Tuesday, March 25, 2008
I’m back. Sometimes I just need to take a little break from the blog, especially when I’ve got a lot of writing for hire to do. I get a little sick of wrangling with words, even in the lazy manner of blogging.
One of the review assignments I've been working on is a new smutty novel by the wildly popular Eric Jerome Dickey. I had whined to the books editor that I never got paid to read any porn, so when the Dickey book came along she said, “Here you go.” All I can say is, be careful what you wish for. The book is okay—sort—but not my kind of thing, erotically speaking. There is nothing worse than slogging through 400+ pages of sexual fantasy that doesn’t work any gear you’ve got. “Stupefying” hardly describes it.
It got me thinking about books I do find genuinely erotic—or rather, trying to figure out if there are any. I’ve read my share of simple smut, of course. There was a time in my life when I was fond of Anne Rice’s Sleeping Beauty books, in all their sadomasochistic silliness. And I’ll admit—I hope this isn’t TMI—that I have always been kinda turned on by the slam-bang novels of Jim Thompson and James M. Cain. I especially like Thompson’s Bad Boy. So much for feminist consciousness.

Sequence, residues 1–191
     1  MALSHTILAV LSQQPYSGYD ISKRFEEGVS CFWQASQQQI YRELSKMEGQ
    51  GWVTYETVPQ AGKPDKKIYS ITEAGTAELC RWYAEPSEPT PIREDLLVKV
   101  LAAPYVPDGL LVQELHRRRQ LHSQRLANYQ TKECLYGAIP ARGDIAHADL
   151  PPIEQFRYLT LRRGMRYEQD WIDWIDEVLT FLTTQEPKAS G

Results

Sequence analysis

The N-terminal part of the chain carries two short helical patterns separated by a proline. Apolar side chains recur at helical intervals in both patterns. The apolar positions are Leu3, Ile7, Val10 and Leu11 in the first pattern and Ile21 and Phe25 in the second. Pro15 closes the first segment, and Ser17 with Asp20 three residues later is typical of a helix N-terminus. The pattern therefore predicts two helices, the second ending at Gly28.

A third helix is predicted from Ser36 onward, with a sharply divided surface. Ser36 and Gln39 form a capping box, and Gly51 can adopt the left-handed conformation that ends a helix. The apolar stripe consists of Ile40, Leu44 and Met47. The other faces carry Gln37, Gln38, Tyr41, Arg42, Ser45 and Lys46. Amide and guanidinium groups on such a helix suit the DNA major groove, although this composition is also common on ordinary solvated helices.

But true erotic literature, to be worthy of the name, has to do something more than trigger a Pavlovian genital response. It has to stir up some dark, chthonic energy, and at the same time engage your heart, at least a little bit. It should give you a glimpse of the primal source of feeling. It should make you understand how the desire to live coexists with the urge toward death.
Tall order, huh? I pondered quite a while and I could only come up with two novels that do that for me: Wuthering Heights and Graham Greene’s The End of the Affair. Somehow, I feel that I ought to be able to claim something smarter, edgier, more obscure—but no, I have to confess I can’t think of any book that stirs Eros in me more than those two do. I should go hunt them up wherever they’re hiding in this chaotic house, and let them banish Dickey’s soulless drivel.
Liebesszene, Max Liebermann, c.1926.